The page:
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Mr. Webb: To ask the Secretary of State for Work and Pensions what plans he has to discuss recent trends in occupational pension provision with the occupational pension industry; and if he will make a statement. 
Mr. McCartney: The Department holds regular meetings with representatives of the pensions industry. These discussions include an assessment of trends in occupational pension schemes and other forms of retirement savings and the role Government can play in supporting and encouraging pension provision.
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The Government acknowledge the contribution that occupational pension schemes play in the provision of income in retirement and want to encourage continued employer involvement. As part of the process of reform and support, we have already announced the replacement of the minimum funding requirement and the simplification review of pensions regulation, led by Alan Pickering.
Mr. Webb: To ask the Secretary of State for Work and Pensions what reason was given to him by the Social Security Advisory Committee for its decision not to examine the Social Security (Jobcentre Plus Interviews) Regulations 2001; what discussions he had with the Social Security Advisory Committee prior to that decision; and if he will publish the minutes of such discussions. 
Mr. Nicholas Brown [holding answer 2 November 2001]: The Social Security Advisory Committee considered these regulations and decided, under section 173 of the Social Security Administration Act 1992, that these regulations need not be formally referred to them. Under the Act the committee is not obliged to give my right hon. Friend the Secretary of State a reason for its decision and does not normally do so. My right hon. Friend had no discussions with the committee prior to that decision.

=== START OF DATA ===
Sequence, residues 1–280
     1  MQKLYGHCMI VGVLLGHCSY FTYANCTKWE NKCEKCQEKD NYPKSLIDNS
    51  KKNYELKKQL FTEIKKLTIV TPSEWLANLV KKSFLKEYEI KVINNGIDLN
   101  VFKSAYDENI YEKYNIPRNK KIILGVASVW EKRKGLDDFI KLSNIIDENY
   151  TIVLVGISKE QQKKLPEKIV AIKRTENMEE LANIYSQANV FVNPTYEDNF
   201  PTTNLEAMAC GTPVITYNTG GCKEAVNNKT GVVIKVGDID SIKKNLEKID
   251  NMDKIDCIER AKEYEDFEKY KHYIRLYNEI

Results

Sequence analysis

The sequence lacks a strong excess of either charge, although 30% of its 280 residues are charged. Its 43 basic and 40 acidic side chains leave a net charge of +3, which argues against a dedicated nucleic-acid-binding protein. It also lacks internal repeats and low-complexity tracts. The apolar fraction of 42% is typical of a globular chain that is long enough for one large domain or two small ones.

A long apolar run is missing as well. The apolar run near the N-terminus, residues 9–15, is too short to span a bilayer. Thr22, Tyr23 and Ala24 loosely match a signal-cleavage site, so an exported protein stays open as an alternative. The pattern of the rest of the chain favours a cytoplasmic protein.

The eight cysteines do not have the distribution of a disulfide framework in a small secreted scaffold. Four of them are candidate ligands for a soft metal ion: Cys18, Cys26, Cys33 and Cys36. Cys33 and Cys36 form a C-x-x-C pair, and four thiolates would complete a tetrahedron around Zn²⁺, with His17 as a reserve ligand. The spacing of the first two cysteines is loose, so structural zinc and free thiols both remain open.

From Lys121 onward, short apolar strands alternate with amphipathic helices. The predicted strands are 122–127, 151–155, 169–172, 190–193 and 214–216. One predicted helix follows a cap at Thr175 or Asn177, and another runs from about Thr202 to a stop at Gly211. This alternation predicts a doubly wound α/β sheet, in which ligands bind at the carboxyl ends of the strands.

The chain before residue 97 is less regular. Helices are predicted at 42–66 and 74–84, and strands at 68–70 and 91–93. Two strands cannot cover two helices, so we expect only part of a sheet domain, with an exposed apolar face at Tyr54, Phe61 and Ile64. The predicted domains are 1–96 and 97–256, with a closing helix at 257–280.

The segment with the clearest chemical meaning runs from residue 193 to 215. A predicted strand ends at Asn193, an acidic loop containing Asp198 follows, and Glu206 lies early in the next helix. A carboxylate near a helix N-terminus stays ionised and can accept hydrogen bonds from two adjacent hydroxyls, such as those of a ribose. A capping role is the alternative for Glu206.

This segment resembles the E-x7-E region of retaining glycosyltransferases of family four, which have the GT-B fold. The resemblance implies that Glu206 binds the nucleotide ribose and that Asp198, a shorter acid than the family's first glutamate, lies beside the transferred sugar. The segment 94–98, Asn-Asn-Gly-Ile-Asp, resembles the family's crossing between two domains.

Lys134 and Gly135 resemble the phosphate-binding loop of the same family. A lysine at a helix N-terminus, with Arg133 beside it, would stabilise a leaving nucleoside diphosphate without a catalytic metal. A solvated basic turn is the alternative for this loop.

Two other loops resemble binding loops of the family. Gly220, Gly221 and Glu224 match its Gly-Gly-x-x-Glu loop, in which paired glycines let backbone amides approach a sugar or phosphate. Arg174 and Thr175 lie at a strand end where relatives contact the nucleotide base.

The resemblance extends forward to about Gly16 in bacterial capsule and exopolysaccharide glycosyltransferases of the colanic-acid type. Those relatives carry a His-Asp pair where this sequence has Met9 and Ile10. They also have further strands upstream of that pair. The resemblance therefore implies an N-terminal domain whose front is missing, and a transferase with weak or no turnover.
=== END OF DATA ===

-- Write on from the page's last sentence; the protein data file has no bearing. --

Annabelle Ewing: To ask the Secretary of State for Work and Pensions what was the level of spending on social security in Scotland in each of the last five years (a) in total and (b) as a percentage of the United Kingdom total, broken down to show spending on (i) benefit payments, (ii) Scotland's pro-rata share of United Kingdom administration costs and (iii) actual spending on central and local administration and the branch network for facilities in Scotland. 
Mr. Nicholas Brown [holding answer 2 November 2001]: Information is not available in the format requested. However, analysis of social security expenditure by country, region and per head of population for the years 199596 to 19992000 is available in HM Treasury's publication "Public Expenditure Statistical Analyses (PESA) 200102", published in April 2001 under Command Number 5101.
Mr. Lilley: To ask the Secretary of State for Work and Pensions how many cases of forgery of the standard acknowledgement letters issued to asylum seekers have been detected in the last 12 months; and what the value of benefits involved was. 
1. Figures are not kept centrally within the Immigration and Nationality Directorate for forgery of Standard Acknowledgement Letters (SALs). The Immigration Service National Forgery Section (NFS) is a national unit specialising in document fraud. In the last 12 months (from 31 October 2000 to 31 October 2001), the NFS was asked by the Immigration Service and other enforcement agencies or departments to examine 121 SALs of which 111 were found to be fraudulent. Of these, 104 were counterfeit and seven forged.
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2. Many of the documents examined by NFS were examples of large batches of suspected fraudulent SALs detected in various operations conducted by the police and Immigration Service. Four such operations alone, conducted in various parts of the country during the past 12 months, are known to have involved over 2,000 counterfeit SALs, with more detections expected as operations continue.
3. In the operations which the NFS was associated with, the most frequent use of fraudulent SALs was to obtain illegal employment. While a limited number of examinations of SALs were conducted of documents presented at Benefits Agency offices, the NFS does not have information about the value of any benefits that might have been involved.
Mr. Ingram: There is no new date for the withdrawal of HMS Fearless. I refer the hon. Member to the answer given by my right hon. Friend the then Minister of State for the Armed Forces to the right hon. Member for Chingford and Woodford Green (Mr. Duncan Smith) on 19 December 2000, Official Report, column 93W.